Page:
Tag Archives: coop repair

Chicks Again, Almost Too Soon

My morning began after another restless, sleepless night with chores and the drive to make the Chicken Tractor secure for the chicks I was expecting to begin hatching tomorrow or Saturday.  Last night, we bought two 2X4’s supposedly 8 feet long.  I was given 10 foot lumber, so first thing, I had to cut 2 feet off of the boards.  They were placed lengthwise as floor joists and a double layer of metal poultry fence was stapled down and 1 X 2’s screwed down on top of the outer edges where the hardware cloth sides were pulling loose.  This secured the edges and the sides simultaneously on one lengthwise half of the coop.

The other half back section had hardware cloth stapled down and 1 x 2’s secured over the edges.  The front section was floored with whatever random scrap lumber I could find that was long enough to cut to 26 inch sections.

IMG_0027[1]

Before modifications.

The scrap 2 x 4’s  were used to close up the spaces under the ends of the coop where I think the Opossum must have entered last week.  If anything gets under the ends now, they will be foiled by the flooring.  As I was finishing up and trying to get 3 nesting boxes together to put inside, Daughter came out to see if she could help.  She had been inside cleaning up as her MIL is due for a weekend visit shortly.  I ran out of staples for the staple gun and came into the house to get more staples and she called to me to come quick.  She had opened the egg door of the main coop to check for eggs and found this.

IMG_0138[1]

My efforts were just in time.  Momma Hen #2 has 6 chicks, 2 pipping, and 2 that haven’t started yet.  I quickly threw down hay in the chicken tractor, placed the nesting boxes inside with clean straw in them and we discussed how to manage this move, which I had hoped to accomplish after dark tonight.  Mamma Hen #4 is pretty docile  and is the last of the three expected to hatch, so I picked her up and we moved her eggs and her to the new nesting box in the Tractor and she settled right down.  Momma Hen 2 and 3 are my two oldest and are very feisty, pecking at you if you approach.  Momma Hen 3 is the one who left her nest then tried to steal eggs and she decided that the chicks were hers and tried to collected them under her with her eggs.  We decided to take her, as she is the one due to hatch her clutch next, within a day or two and move her as well and then move Momma Hen#2 and her new brood last.  As soon as Momma Hen 3 was put on her nest, she left it to try to take the chicks again so we moved her back to the coop with her clutch until Momma Hen 2 finishes hatching and settles with her babies.  Hopefully by the time Momma Hen 3’s clutch starts to hatch, we will move her again.  Once all have hatched and they know where to go at night, we will start letting them into part of the run.  I will erect the temporary fence to give them a protected space for a few days and later let them all run together with the flock.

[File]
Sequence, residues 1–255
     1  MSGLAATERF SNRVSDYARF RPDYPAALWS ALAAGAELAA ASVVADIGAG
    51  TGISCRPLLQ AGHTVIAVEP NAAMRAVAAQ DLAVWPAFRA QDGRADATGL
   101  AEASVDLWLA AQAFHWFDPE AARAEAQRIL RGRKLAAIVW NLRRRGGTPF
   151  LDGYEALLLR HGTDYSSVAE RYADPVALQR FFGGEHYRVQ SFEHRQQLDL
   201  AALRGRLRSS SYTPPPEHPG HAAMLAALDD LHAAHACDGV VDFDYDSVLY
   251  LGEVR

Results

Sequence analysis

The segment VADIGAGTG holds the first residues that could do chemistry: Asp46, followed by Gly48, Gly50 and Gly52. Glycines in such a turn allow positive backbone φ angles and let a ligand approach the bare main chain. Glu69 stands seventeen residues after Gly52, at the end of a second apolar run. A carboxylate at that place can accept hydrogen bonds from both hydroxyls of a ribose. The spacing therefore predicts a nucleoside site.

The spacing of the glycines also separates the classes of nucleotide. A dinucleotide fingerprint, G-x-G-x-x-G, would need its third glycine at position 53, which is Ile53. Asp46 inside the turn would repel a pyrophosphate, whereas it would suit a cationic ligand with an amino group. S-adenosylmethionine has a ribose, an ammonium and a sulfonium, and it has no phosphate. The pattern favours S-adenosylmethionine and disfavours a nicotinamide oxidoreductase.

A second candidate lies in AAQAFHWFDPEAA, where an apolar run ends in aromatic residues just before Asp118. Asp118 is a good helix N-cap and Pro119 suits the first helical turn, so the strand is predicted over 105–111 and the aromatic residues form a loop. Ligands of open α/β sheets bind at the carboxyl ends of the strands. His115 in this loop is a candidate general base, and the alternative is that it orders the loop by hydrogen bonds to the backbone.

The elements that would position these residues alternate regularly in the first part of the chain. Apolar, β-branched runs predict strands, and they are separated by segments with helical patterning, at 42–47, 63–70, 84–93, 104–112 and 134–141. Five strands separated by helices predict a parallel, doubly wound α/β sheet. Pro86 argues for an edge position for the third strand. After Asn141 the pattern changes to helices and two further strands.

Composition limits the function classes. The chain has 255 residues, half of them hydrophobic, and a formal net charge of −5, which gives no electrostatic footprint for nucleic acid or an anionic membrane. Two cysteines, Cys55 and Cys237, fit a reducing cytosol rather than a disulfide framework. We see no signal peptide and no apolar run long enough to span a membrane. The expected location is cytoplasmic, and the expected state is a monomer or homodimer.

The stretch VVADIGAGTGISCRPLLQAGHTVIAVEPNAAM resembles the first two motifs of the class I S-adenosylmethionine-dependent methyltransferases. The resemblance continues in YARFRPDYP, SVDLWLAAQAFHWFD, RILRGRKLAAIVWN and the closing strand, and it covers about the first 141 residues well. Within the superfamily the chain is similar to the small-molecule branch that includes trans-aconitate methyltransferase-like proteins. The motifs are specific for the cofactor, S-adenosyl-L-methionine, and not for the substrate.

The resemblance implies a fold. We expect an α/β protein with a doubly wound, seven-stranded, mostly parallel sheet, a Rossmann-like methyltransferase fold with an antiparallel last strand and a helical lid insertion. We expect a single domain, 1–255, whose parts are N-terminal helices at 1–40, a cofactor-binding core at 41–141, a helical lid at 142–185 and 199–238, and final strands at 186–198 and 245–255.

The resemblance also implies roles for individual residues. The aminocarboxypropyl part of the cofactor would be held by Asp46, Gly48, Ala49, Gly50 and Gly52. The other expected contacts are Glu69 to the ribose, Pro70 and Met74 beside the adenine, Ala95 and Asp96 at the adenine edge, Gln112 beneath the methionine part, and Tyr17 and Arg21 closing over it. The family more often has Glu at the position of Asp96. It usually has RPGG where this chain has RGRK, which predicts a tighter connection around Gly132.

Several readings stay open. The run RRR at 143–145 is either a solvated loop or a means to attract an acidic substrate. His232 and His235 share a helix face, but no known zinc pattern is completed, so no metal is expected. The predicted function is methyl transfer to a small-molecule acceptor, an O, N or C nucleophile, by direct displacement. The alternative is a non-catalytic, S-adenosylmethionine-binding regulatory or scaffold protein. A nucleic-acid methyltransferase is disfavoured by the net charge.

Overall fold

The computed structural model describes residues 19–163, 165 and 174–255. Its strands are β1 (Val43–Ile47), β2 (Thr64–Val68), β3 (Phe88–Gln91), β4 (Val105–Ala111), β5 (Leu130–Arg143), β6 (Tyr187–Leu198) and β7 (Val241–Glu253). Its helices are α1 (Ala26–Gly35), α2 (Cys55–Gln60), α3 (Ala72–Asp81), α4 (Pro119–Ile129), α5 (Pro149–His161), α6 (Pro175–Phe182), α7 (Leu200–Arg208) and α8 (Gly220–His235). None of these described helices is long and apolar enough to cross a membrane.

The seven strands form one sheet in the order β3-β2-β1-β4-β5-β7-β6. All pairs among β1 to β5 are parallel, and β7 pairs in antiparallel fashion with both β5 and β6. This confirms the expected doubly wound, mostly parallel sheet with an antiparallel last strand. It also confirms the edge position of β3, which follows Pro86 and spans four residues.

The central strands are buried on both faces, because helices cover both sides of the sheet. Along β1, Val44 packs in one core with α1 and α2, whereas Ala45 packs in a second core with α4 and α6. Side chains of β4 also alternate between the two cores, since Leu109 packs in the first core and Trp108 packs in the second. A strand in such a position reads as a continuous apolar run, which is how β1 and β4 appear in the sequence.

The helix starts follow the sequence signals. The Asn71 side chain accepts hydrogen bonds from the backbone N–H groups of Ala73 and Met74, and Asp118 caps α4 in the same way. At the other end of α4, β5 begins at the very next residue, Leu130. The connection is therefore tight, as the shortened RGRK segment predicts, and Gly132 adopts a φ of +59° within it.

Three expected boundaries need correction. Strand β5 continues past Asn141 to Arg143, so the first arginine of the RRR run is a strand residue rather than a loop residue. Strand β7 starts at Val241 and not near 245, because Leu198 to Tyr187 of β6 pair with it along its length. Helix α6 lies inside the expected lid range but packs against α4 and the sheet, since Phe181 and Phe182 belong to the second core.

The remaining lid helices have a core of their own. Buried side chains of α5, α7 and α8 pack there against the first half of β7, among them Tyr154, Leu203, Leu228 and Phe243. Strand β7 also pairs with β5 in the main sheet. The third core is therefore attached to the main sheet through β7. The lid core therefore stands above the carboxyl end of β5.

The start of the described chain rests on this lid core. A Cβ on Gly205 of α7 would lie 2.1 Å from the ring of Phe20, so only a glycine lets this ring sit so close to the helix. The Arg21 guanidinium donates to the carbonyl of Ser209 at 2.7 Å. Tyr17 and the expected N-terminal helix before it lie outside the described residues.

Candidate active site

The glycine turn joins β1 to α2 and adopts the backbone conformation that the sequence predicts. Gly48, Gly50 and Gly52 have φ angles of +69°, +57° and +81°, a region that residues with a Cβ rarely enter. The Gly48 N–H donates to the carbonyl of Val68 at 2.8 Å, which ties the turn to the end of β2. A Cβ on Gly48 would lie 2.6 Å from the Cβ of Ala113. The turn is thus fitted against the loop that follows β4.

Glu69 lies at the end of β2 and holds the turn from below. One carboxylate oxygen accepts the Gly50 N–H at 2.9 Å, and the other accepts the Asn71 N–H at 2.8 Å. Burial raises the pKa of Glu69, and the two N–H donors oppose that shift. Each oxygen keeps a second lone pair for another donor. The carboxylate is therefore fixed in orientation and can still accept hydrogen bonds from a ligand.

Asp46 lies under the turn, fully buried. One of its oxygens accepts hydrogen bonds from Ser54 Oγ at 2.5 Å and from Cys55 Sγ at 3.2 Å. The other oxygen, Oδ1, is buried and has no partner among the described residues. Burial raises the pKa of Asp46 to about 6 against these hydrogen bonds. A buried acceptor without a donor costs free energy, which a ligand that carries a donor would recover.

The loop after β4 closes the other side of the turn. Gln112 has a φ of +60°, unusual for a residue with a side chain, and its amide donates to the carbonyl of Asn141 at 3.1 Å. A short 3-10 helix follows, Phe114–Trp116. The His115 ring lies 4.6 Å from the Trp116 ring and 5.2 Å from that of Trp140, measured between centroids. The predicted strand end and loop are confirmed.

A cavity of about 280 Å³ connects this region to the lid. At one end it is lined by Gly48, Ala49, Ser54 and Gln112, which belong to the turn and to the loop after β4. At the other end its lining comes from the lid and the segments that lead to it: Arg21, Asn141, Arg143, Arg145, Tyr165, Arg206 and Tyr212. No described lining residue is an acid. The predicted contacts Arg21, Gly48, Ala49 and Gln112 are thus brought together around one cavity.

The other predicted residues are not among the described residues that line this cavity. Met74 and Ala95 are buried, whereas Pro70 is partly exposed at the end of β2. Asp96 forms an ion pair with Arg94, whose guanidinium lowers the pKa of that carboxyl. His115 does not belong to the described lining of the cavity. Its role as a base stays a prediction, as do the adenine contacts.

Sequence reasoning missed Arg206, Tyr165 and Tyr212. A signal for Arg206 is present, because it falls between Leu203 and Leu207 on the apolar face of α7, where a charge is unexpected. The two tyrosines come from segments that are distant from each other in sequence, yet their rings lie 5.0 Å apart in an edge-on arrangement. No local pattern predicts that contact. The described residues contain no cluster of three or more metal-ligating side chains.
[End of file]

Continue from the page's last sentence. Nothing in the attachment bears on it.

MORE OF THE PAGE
IMG_0139[1]

As soon as the new large meat bird coop is completed, we will begin to cull and separate the keepers from the rest and the run will return to the laying hens.  We can already tell that one of the two remaining 4 week old chicks is a cockrell.  He has a much larger tail and is larger than his sibling.  One of the teenage Americaunas is also a cockrell.  They are both destined for the cull pen.

In the midst of us moving chickens around, the neighbor who hays our fields came hoping for a dry afternoon.  They no sooner raked the part that has been mowed when the afternoon rain began again.  I guess they will finish it eventually.  I’m glad that I’m not relying on this hay for animals, but he is, so he is hoping for an end to the afternoon rains.

Olio – June 17, 2015

Olio: A miscellaneous collection of things.

I haven’t done an Olio post in a while and the past week has been fitting of one today.

OLYMPUS DIGITAL CAMERA
OLYMPUS DIGITAL CAMERA